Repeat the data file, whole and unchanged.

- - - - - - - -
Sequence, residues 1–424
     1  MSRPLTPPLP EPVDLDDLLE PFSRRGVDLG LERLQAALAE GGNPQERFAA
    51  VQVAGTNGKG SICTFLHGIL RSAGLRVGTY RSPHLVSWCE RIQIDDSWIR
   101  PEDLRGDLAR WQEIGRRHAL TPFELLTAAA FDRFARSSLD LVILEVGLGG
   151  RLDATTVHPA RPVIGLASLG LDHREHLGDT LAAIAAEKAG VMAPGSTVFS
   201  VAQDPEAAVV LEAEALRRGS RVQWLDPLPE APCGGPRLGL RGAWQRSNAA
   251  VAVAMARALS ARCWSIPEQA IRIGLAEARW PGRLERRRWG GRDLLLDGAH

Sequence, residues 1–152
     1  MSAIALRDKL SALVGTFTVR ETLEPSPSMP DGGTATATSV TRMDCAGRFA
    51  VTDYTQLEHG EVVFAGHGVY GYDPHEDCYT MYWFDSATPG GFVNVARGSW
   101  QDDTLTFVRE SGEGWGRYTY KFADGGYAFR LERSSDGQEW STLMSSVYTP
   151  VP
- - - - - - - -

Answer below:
Sequence, residues 1–424
     1  MSRPLTPPLP EPVDLDDLLE PFSRRGVDLG LERLQAALAE GGNPQERFAA
    51  VQVAGTNGKG SICTFLHGIL RSAGLRVGTY RSPHLVSWCE RIQIDDSWIR
   101  PEDLRGDLAR WQEIGRRHAL TPFELLTAAA FDRFARSSLD LVILEVGLGG
   151  RLDATTVHPA RPVIGLASLG LDHREHLGDT LAAIAAEKAG VMAPGSTVFS
   201  VAQDPEAAVV LEAEALRRGS RVQWLDPLPE APCGGPRLGL RGAWQRSNAA
   251  VAVAMARALS ARCWSIPEQA IRIGLAEARW PGRLERRRWG GRDLLLDGAH

Sequence, residues 1–152
     1  MSAIALRDKL SALVGTFTVR ETLEPSPSMP DGGTATATSV TRMDCAGRFA
    51  VTDYTQLEHG EVVFAGHGVY GYDPHEDCYT MYWFDSATPG GFVNVARGSW
   101  QDDTLTFVRE SGEGWGRYTY KFADGGYAFR LERSSDGQEW STLMSSVYTP
   151  VP